The addition of kids and more kids has had a knock-on effect to the overall quality of the film that entered far too much into music video world. I can forgive the casting of Turner who I’m a fan of, she really owns the part and has a real presence, becoming part of this postapocalyptic world. Maybe if the children came to more harm, maybe we would have a more exciting film on our hands. Not a mess of what is two shorter films that resulted from two much studio interference asking for more of the this and less of that. The violence in this world made it dangerous, worth exploring, shocking an audience who wanted more of the same, but got something that catered for the wrong audience.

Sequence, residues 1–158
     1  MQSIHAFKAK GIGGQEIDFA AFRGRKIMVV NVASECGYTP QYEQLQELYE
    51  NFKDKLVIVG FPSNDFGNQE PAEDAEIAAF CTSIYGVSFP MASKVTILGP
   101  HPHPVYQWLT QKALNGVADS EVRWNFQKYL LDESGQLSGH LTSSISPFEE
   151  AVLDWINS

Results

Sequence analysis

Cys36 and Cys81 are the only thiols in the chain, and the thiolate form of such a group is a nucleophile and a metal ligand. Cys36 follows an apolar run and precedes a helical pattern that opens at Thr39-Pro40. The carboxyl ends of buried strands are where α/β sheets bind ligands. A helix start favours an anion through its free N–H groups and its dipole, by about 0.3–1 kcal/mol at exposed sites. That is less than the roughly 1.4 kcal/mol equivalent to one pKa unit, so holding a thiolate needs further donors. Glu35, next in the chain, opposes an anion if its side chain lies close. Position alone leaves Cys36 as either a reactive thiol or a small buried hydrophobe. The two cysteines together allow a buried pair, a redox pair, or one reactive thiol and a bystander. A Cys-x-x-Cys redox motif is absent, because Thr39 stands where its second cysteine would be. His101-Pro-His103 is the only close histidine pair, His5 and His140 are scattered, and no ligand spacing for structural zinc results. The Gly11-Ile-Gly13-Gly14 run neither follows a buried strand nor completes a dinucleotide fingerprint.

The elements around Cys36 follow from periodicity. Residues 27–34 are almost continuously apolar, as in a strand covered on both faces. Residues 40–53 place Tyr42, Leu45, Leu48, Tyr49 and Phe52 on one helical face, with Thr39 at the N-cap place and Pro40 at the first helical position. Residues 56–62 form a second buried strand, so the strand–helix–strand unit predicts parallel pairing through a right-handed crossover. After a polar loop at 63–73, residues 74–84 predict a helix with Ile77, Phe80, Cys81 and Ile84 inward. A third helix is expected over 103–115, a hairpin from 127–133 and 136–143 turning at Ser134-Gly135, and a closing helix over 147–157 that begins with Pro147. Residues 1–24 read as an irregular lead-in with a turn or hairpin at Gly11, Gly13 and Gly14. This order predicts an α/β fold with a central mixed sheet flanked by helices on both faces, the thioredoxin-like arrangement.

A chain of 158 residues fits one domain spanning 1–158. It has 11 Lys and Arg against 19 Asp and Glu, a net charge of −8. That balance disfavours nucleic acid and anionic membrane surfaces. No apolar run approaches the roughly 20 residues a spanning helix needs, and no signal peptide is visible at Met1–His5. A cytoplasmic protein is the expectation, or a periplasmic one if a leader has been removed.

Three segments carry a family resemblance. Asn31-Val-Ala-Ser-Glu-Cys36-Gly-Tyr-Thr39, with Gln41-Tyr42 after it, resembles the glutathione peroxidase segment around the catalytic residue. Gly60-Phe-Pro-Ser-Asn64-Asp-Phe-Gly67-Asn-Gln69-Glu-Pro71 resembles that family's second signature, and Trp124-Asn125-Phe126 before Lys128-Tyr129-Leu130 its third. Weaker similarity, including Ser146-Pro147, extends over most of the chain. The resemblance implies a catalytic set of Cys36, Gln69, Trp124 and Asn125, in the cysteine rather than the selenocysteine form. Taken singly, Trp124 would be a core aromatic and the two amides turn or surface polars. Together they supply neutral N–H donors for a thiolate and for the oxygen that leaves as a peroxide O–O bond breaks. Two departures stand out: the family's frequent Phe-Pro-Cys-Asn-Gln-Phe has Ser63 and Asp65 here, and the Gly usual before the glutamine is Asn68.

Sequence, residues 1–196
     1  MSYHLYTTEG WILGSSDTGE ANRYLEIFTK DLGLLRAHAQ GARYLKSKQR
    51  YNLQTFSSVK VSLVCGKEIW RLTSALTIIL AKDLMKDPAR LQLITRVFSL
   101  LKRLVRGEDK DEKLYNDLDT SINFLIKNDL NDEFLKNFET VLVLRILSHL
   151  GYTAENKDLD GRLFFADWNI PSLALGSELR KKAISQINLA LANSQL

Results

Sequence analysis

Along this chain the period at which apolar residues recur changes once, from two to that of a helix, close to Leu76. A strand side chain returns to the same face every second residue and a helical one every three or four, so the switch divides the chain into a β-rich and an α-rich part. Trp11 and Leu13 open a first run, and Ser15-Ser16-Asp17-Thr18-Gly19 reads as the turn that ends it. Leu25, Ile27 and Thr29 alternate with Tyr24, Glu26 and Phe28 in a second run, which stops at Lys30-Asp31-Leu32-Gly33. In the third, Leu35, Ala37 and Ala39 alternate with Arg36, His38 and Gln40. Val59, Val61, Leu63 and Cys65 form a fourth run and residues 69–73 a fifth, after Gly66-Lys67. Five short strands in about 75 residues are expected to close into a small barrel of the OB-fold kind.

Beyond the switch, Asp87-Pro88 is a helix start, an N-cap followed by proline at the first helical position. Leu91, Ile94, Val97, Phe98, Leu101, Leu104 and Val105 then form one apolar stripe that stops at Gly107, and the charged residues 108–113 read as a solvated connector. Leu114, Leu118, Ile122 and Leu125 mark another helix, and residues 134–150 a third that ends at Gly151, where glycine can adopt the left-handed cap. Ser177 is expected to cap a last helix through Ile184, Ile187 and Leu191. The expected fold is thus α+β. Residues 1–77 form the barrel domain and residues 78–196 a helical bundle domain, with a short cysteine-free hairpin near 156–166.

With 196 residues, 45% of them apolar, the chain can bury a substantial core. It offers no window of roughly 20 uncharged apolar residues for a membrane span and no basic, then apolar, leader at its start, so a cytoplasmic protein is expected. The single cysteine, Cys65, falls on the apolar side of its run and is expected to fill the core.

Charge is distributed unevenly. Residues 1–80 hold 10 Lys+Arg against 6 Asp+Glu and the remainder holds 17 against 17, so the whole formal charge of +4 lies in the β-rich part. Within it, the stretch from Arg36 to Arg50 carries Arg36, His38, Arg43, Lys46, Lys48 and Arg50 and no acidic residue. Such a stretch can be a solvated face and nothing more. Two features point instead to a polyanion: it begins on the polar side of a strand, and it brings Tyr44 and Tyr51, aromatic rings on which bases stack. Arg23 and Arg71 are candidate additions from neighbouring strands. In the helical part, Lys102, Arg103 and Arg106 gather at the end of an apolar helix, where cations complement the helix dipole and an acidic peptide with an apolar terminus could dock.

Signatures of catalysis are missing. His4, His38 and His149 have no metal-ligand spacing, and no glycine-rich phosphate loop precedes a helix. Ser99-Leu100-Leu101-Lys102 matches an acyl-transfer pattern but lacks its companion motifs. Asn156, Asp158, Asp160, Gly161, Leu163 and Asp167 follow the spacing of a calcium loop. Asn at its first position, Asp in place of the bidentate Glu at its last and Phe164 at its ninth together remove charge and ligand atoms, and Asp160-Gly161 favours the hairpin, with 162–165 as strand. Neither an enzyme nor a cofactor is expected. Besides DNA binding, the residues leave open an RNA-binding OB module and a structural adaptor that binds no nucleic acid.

I can’t write the film off completely, there are some interesting things going on, some scenes really get your attention. In terms of the overall trilogy and the Western genre that I began this extended review looking at, Miller has used it as a framework to look at a possible future when the West was still not quite won. If an event of such explosive proportions were to strike, civilisation could easily regress to a simpler state of operating. The need for survival becomes more important that the structures that we create. Yet for the pockets of humanity that are left in this future who are trying to rebuild cling on to these simpler models to get on their feet. The goal then is to stay alive and hopefully rebuild a future that can resemble a past they once had. The trilogy starts out strongly with the opening entry working as an origin story before we really enter into a dark world where it’s survival of the fittest where anything goes. Then entering what could have been a better entry and the potential for more if they hadn’t listened to the studio too much. It’s still a strong unique trilogy that offers a bleak view of the future without coming directly out of Hollywood, whilst using the tropes of the Western as the bare bones of a different world view.